Last Sunday’s Bible class focused on forgiveness and how difficult it can be to give. At one point I realized that we were using the word, but I couldn’t help wondering if we all had a very clear definition of it.
What is forgiveness?
Do you know? Can you put it into words? I couldn’t at the moment. I had some thoughts but didn’t feel confident I really had it. I kept remembering a college professor who told me that I don’t really know what a word means unless I can verbalize it clearly.
When I got home I started a web search for definitions. Dictionary definitions are a good starting place, but then I wanted to check those definitions against whatever the Bible had to say about it. I’ll underline the portions that the Bible seems to agree with.
- Stop feeling angry or resentful toward (someone) for an offense, flaw, or mistake.
- Cancel a debt
- Psychologists generally define forgiveness as a conscious, deliberate decision to release feelings of resentment or vengeance toward a person or group who has harmed you, regardless of whether they actually deserve your forgiveness. … Forgiveness does not mean forgetting, nor does it mean condoning or excusing offenses. (This last one is wrong, as you’ll see)
- The Greek word translated as “forgive” in the New Testament, aphiēmi, carried a wide range of meanings, including to remit (a debt), to leave (something or someone) alone, to allow (an action), to leave, to send away, to desert or abandon, and even to divorce.
- Forgiveness is intentional and voluntary. When someone forgives someone else, they let go of negative emotions, for example vengefulness. They wish their offender well.
Now what does the Bible say?
Judge not, and you shall not be judged. Condemn not, and you shall not be condemned. Forgive, and you will be forgiven. Luke 6:37
This sounds a lot like release of anger and ill will toward someone. Let it go! Jesus is given the right to judge men’s souls by God. Judging – determining punishment for sins – is above our pay grade!
For this is My blood of the new covenant, which is shed for many for the remission of sins. Matthew 26:28
The falls right in line with cancelling or remitting a debt.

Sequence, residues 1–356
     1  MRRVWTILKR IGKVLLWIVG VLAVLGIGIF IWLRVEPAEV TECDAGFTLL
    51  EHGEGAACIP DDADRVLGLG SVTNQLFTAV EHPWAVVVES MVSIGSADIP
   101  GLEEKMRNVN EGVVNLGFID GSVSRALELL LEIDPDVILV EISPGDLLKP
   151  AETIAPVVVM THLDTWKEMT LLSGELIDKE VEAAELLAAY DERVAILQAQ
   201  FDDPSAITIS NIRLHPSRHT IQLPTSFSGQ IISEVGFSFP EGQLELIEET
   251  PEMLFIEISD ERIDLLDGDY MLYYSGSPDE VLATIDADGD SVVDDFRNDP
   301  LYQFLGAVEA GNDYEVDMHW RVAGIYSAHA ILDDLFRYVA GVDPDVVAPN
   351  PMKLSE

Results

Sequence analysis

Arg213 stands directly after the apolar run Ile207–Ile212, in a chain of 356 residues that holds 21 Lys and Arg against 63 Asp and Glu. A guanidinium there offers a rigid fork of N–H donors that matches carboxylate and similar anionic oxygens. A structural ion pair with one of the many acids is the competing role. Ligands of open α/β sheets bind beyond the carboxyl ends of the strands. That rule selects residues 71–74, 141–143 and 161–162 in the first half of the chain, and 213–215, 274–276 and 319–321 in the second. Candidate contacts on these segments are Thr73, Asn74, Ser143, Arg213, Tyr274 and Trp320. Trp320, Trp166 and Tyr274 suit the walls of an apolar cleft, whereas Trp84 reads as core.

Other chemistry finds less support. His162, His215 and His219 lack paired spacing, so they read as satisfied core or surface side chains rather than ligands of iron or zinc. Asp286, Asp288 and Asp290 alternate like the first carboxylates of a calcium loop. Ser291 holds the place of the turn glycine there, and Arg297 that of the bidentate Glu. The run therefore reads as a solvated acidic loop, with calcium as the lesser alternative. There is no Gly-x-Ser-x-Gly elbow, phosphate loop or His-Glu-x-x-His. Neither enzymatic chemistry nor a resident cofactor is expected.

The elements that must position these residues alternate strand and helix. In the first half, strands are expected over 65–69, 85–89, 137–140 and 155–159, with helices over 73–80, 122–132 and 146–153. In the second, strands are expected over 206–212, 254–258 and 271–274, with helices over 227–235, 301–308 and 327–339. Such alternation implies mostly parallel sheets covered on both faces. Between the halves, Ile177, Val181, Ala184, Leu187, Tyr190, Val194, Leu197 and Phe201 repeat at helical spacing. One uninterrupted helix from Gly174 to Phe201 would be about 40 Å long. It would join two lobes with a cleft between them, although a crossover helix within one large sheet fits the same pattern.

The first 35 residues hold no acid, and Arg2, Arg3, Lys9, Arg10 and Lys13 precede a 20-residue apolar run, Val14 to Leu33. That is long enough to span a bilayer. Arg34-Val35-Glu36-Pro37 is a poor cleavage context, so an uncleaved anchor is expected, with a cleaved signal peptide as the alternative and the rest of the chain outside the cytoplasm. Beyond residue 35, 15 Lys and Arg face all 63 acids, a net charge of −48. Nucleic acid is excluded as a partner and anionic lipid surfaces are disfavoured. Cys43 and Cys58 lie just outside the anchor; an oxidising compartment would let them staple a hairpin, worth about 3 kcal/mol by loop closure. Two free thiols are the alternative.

I, even I, am He who blots out your transgressions for My own sake; And I will not remember your sins. Isaiah 43:25
For I will be merciful to their unrighteousness, and their sins and their lawless deeds I will remember no more. Hebrews 8:12
As far as the east is from the west, so far has He removed our transgressions from us. Psalm 103:12
I disagree completely with the part above that says forgiving does not mean forgetting. When God forgives, He forgets.
The last definition above looks to be spot on! It calls for a voluntary release of anger and vengeance. We wish our enemies well.
But I say to you, love your enemies, bless those who curse you, do good to those who hate you, and pray for those who spitefully use you and persecute you. Matthew 5:44
Let me give you a personal example. There’s an individual who abandoned her own sons when they needed her the most. She slandered me to my friends at my church. She lied to and cheated a mutual friend who took one of her sons in. To top it off, she claims she was a good, attentive mother. She expressed no regrets, took no responsibility for her actions, and continued to lie and cheat until I finally cut her off.
My anger – fury, really – finally subsided. I realized I had to forgive. As far as I’m concerned, it’s all over. The sons are OK. I don’t hate her. Actually, I feel nothing now. I sincerely hope she finds her way and prayed that for her for years. I still refuse so much as the idea of ever coming into contact again, but that’s as much a matter of self-protection as anything. I simply don’t have the gas to deal with her.
Given everything above that describes forgiveness, I believe I have forgiven her. Forgiveness is releasing a debt owed. It is praying for your enemies…sincerely. Forgiveness is the right thing to do, both for our own peace of mind and for the souls of those who have wronged us. We don’t hold someone else’s debt up to God for payment.
Forgiveness is the empathetic thing to do. I’ve written elsewhere that Everybody is Somebody’s Jerk. That includes me. I need to be forgiven as much as anyone. And, as Jesus taught us to pray…
“Forgive us our sins as we forgive those who sin against us.”